Got a job in the UAE? Great! Time to move into the emirates that promise luxury and relaxation. It’s not only the environment that will ensure you have the best time possible. Considering the inflow of visitors and expatriates in the country and the recent lawmaking, it’s fairly easier to survive. Of course, you’ll have to abide by the laws of the state in order to stay out of trouble. Similarly, you’ll need to know UAE labour laws in order to get by without being harassed or exploited illegally.
So, let’s get down to the most important labour laws of the UAE that you need to know:
Firstly, let’s take a look at the holidays that you’ll have in the UAE working under any company. Since these are national holidays, nobody can take them away from you.
· New Year: 1st January
· 4 days of Eid-ul-Fitr
· Hajj Day
· 3 days of Eid-ul-Azha
· Hijri New Year
· Commemoration Day on 1st December
· 2 National Day Holidays
Other than the fact that the week starts from Sunday and Friday-Saturday is the weekend, you should remember these holidays.
If you’re employed for less than a year but more than six months, you’re entitled to 2 days per month. These are the annual leaves that you have until you make the whole year. Then, it becomes a total of 30 days per year that you’ll have as your leaves.
Extra Hours and Sick Leaves:
If for any reason, the company must employ the services of their employee without allowing annual leaves, they must pay. Annual leaves will either carry forward to the next year or the company will pay for them. This amount will be equal to the basic wage of the employee only.
In case the employee has resigned or is dismissed without taking annual leaves, they are entitled to encashment. Furthermore, whenever an employee is about to use their annual holidays, their salary must be paid by the company.
The law regarding sick leaves is fairly thorough. Companies will have to allow 90 days of sick leave that have 15 days of full payment. The next 30 days will have half-pay while the remaining 45 days will be without pay.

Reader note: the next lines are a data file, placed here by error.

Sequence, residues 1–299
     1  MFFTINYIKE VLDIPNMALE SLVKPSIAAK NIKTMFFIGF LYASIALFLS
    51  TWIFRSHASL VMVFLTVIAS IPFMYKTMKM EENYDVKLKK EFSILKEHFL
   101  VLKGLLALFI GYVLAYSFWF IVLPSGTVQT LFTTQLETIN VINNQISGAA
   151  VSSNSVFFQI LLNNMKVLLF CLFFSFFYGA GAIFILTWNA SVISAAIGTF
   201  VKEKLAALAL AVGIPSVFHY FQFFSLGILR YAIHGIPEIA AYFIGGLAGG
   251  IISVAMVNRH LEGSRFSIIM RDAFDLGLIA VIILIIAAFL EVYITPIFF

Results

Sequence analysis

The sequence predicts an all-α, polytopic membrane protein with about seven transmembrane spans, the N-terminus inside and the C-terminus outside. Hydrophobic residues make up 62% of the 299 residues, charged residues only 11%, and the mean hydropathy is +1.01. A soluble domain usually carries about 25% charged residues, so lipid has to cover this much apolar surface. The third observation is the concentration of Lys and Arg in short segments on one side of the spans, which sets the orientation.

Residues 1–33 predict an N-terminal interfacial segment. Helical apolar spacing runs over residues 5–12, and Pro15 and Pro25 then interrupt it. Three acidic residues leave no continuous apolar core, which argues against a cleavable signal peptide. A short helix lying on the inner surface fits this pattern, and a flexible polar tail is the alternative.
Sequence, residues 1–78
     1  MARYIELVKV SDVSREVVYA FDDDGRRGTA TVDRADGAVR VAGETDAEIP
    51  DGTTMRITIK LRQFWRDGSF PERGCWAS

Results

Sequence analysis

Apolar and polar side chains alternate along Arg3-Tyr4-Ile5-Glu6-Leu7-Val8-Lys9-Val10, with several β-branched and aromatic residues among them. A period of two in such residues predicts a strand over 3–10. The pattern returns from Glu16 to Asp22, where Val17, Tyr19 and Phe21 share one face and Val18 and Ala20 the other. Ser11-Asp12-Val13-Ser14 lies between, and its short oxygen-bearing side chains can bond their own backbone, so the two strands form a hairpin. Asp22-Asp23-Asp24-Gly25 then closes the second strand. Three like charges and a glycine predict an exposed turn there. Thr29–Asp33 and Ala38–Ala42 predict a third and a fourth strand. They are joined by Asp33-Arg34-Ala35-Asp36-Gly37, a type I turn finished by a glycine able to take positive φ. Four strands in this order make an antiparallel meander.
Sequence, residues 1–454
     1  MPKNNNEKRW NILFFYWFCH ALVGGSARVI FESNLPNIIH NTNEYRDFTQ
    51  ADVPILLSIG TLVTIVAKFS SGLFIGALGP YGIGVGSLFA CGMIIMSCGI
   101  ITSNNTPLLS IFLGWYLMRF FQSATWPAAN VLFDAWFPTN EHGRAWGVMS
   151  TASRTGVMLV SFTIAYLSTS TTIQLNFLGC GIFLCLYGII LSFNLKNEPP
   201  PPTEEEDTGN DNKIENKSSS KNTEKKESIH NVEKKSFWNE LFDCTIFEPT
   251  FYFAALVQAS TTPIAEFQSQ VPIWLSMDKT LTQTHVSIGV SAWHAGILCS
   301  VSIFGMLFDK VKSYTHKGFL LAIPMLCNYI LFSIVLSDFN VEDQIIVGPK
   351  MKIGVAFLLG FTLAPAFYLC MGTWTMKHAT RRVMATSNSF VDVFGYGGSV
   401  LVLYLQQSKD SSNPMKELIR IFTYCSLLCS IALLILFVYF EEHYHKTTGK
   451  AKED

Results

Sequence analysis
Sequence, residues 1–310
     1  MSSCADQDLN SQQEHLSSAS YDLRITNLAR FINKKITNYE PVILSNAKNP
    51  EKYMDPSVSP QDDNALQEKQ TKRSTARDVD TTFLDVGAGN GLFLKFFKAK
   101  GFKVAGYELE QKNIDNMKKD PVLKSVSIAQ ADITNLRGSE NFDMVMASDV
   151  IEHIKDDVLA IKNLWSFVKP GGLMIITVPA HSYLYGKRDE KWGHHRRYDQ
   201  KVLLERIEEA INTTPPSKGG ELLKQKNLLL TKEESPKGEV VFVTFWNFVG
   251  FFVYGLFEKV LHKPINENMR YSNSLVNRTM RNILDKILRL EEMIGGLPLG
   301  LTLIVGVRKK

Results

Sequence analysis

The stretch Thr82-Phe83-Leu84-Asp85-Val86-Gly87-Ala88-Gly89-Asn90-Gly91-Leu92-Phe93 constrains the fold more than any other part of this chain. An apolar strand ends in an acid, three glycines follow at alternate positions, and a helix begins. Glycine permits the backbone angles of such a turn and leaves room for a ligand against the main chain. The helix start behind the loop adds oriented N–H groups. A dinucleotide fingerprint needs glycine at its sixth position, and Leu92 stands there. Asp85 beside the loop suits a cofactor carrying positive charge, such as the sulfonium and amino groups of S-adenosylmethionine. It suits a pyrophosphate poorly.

Eligibility for Sick Leaves:
The law also specifies who is eligible for sick leaves and who isn’t. For example, if you fail to notify your employer of your condition in the first two days of your sickness. You’ll not be eligible for sick leaves.
Similarly, if you’re in the probation period, you can’t be eligible for sick leaves as you’re not a permanent employee. Another fact that you must remember is that you can’t fall sick due to your own actions. Meaning, if the disease or sickness you have is on account of your own alcohol or narcotic consumption, you’re ineligible.
Finally, if the employer finds out that you’re working for someone else during your sick leaves, you’ll be ineligible.
It’s crucial to note that no employer has the right to terminate your employment during your sick days. Of course, that is if you don’t fail to comply with the eligibility criteria. The employer has the right to verify your sickness through a medical examination as well. If an employee doesn’t show up after the 90-day period, the employer has the right to terminate their employment.
This isn’t something that’s just limited to the UAE Labour law but rather extends to DIFC Employment under Article 58. This law clearly states that discrimination on the grounds of race, sex, marital status, race, nationality, religion, mental or physical disability are all punishable.
Discrimination on the basis of religion, belief, sect, faith, creed, race, colour, or even ethnic origins is criminal. Should you face anything similar to this, get in touch with the best law firms in Dubai to fight the situation.